Next, a judge will decide if it is in the best interests of the child for the parent’s rights to be terminated or whether the status quo should be maintained. If you find yourself in a situation like the mother in our example above and cannot locate your child’s other parent you may be able to give “constructive” notice of the lawsuit through posting notice in a newspaper or other publication. I must note, however, that it is strongly preferred by judges that you provide actual, in person service of the notice/citation of the lawsuit to the parent. If you show due diligence alternative methods of service can be approved.
The final word on this subject that I wanted to share is that a termination hearing can be stressful, contentious and among the more inhospitable experiences that you ever encounter in your life. The termination will be complete and final- there is no appeal available to either party.
Failure to support a child for at least a year can lead to termination of parental rights
Suppose that you are a mother whose ex-husband has not only failed to pay you child support for the past year but has also not taken advantage of any visitation time. As the child’s father has been completely out of his or her live for over a year it is possible that you can involuntarily terminate his parental rights after filing a petition. The law requires a parent to support their child financially and if your ex-spouse has failed to do so for a year or longer it is possible to have a hearing and present this information as evidence as to why his parental rights should be terminated.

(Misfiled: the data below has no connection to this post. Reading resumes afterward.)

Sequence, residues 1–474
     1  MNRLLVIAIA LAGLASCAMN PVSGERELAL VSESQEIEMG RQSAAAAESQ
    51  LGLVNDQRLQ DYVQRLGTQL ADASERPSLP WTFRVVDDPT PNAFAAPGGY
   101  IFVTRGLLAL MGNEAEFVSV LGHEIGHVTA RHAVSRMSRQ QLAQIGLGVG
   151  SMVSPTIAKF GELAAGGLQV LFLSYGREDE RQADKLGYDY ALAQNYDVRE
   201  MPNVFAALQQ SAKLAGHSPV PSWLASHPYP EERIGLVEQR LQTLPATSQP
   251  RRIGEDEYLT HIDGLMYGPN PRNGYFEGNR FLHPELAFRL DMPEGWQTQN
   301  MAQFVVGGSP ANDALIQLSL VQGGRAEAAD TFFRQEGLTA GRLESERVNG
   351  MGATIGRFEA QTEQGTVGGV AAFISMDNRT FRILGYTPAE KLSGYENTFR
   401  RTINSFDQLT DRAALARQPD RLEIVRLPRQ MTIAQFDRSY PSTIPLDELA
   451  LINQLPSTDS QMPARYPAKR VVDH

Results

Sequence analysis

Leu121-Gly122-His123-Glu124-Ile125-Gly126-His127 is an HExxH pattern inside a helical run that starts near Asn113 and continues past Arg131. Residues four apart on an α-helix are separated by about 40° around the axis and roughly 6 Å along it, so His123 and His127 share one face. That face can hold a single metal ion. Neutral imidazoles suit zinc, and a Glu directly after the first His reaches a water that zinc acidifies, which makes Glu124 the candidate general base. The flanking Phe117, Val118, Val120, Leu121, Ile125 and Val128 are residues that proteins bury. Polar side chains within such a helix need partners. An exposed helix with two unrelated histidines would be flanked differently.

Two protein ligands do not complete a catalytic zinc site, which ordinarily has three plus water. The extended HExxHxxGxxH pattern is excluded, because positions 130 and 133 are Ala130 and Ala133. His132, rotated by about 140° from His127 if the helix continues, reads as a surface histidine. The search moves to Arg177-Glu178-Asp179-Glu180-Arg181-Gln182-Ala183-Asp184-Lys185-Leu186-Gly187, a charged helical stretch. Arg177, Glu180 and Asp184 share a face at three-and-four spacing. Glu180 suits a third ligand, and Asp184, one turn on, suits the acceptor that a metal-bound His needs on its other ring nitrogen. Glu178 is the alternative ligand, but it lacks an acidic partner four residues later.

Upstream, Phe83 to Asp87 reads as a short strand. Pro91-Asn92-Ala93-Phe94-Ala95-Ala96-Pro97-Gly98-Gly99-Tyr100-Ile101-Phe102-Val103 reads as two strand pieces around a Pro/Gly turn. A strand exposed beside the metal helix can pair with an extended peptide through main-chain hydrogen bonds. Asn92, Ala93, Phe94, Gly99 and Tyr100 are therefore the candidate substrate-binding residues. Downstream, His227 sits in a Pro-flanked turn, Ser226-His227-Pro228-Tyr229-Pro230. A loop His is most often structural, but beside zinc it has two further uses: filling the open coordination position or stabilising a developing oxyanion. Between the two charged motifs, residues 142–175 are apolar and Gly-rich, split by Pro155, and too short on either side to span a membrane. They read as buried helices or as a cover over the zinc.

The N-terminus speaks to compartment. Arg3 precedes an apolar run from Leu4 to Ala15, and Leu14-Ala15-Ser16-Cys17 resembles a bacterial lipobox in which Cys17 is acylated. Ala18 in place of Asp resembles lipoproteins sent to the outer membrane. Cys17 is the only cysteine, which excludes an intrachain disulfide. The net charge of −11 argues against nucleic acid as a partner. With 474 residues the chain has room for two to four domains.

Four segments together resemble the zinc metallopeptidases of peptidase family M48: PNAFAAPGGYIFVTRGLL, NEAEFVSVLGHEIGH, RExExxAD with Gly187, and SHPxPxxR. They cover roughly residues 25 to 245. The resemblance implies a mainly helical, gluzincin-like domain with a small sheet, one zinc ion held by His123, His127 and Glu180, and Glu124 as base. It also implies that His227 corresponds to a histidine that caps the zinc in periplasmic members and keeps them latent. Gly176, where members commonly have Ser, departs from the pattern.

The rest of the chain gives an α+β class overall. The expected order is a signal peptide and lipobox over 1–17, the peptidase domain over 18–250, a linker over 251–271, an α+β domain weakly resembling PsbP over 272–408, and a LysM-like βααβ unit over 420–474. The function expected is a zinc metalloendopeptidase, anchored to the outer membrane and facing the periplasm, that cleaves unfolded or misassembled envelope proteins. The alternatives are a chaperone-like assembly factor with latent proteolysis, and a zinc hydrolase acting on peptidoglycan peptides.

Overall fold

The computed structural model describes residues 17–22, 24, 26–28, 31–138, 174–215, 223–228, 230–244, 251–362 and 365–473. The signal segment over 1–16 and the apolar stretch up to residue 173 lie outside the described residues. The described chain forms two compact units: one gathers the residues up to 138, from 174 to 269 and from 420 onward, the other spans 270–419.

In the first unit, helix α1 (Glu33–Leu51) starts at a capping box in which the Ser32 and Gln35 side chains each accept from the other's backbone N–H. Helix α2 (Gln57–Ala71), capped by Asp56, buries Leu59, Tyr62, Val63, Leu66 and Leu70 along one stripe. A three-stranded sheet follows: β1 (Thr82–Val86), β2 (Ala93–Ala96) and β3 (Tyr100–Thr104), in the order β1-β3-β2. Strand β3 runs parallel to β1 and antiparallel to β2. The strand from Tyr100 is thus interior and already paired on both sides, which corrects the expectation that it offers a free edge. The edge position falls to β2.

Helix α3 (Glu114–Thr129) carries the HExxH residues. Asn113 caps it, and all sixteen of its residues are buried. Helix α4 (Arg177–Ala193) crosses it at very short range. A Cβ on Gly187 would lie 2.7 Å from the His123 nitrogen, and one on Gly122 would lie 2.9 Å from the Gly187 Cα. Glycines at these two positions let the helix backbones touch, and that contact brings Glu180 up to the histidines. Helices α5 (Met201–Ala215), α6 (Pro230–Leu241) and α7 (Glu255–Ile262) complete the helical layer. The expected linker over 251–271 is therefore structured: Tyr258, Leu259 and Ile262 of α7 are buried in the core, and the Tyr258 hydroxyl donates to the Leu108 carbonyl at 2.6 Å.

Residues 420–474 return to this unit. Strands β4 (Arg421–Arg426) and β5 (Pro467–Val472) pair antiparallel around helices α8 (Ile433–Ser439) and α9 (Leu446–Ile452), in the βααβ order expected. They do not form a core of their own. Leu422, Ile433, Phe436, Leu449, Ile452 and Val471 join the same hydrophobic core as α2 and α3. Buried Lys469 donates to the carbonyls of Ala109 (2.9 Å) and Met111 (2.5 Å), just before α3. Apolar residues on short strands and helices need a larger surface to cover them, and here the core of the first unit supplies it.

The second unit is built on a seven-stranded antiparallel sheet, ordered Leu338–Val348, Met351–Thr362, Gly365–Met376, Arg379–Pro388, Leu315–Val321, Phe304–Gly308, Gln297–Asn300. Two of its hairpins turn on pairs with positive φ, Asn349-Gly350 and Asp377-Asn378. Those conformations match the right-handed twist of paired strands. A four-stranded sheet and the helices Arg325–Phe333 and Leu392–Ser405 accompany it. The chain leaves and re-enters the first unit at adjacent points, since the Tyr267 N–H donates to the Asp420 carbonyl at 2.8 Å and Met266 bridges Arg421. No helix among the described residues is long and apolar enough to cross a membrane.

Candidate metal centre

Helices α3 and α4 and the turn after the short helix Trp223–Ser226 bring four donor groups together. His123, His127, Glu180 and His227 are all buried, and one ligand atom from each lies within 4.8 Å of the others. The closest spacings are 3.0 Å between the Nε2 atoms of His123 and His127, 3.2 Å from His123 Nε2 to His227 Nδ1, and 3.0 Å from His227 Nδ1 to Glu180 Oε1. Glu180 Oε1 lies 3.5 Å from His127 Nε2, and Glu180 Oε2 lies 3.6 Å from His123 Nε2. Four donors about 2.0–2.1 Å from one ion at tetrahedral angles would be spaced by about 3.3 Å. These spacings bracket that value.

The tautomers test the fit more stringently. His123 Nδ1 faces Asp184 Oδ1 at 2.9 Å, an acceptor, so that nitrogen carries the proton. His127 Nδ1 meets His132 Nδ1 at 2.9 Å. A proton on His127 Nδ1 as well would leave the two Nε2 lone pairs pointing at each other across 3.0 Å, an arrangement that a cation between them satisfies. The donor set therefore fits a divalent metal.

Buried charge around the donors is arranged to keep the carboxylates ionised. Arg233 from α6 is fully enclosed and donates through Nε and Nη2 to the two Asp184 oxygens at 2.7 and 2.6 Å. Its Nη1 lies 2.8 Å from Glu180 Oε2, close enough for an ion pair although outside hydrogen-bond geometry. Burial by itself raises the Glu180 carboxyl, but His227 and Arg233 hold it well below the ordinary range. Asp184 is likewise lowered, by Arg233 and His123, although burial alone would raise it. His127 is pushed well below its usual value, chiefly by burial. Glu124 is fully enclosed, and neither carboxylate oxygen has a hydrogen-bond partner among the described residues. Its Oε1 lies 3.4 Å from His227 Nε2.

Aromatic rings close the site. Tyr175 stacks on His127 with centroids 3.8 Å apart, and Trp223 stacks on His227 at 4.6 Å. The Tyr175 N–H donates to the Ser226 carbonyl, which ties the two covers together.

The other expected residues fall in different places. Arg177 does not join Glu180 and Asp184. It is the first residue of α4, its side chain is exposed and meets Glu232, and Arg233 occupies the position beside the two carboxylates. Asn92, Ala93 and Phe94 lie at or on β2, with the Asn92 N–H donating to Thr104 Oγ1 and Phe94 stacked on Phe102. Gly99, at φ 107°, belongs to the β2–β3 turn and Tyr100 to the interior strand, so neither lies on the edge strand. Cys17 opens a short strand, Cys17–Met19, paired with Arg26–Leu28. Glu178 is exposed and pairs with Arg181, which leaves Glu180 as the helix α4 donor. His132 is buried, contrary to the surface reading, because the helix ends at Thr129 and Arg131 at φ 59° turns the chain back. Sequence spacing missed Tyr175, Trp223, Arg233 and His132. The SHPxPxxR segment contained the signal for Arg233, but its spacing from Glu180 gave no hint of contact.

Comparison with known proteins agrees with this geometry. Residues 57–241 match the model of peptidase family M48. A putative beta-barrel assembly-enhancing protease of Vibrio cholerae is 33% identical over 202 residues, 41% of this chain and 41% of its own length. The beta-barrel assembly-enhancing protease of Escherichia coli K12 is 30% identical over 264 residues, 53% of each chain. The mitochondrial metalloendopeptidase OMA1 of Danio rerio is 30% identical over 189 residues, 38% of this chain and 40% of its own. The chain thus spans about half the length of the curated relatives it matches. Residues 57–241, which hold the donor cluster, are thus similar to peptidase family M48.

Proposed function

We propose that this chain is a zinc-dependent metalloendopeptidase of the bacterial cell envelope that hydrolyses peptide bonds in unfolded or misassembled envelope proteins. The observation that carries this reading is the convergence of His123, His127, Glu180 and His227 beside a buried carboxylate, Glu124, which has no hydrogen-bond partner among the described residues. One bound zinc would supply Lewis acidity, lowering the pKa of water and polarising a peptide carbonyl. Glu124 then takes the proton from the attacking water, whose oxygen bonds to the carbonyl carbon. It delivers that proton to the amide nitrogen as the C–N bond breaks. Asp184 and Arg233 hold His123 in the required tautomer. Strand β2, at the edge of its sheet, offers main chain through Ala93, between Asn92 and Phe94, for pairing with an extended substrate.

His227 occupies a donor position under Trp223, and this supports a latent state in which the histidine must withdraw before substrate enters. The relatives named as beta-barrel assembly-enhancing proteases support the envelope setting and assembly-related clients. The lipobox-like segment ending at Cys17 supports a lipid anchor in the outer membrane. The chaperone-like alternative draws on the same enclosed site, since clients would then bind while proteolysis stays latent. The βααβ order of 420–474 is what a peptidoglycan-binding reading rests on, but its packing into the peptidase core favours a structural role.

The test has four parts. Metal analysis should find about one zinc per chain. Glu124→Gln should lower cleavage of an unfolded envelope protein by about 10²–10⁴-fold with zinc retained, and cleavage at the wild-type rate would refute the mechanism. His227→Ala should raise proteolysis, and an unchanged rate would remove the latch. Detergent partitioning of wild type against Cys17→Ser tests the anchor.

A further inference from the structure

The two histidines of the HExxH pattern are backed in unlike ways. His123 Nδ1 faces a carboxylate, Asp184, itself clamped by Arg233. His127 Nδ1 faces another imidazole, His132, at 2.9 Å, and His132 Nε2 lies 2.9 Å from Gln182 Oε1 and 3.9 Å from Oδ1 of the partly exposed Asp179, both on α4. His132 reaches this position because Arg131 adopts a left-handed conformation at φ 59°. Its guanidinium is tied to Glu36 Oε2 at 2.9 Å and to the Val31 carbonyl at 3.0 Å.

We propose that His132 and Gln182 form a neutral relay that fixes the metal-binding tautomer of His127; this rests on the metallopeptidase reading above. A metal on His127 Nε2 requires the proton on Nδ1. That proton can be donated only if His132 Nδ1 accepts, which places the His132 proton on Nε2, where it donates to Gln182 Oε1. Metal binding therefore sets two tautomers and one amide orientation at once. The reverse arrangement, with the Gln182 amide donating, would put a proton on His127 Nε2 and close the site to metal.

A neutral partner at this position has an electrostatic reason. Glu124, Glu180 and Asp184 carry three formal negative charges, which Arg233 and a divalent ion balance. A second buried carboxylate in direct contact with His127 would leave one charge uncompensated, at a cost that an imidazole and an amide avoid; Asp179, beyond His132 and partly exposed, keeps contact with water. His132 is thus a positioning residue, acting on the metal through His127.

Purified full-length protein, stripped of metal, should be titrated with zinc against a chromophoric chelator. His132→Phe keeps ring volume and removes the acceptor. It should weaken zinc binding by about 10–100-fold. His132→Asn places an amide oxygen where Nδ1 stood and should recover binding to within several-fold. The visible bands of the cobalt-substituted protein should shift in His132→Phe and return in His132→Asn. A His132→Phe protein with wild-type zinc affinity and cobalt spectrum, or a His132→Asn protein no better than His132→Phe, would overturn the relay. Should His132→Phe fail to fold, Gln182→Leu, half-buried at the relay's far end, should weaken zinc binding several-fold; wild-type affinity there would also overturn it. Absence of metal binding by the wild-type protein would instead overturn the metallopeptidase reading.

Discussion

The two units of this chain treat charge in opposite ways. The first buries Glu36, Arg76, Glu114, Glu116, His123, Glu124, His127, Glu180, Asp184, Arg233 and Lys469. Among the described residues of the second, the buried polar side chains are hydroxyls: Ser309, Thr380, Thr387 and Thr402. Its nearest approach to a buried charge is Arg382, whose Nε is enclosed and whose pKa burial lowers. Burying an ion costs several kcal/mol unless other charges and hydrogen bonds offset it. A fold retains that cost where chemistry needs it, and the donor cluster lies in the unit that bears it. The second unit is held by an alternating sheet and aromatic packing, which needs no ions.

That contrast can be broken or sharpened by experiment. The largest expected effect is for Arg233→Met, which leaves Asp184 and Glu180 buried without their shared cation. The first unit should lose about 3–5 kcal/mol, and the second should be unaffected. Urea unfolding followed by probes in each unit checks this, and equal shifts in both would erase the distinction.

When termination is contested in a situation like this you can additionally allege things like abuse or neglect of your child, the failure to pay child support for one year or greater or if the father has served time in prison for two or more years this can be presented as evidence of why the termination petition should be granted. If there is doubt as far as who the father of the child is and his identity continues to be unknown and his location is as well, this can be another method to terminate parental rights that can facilitate a step-parent adoption.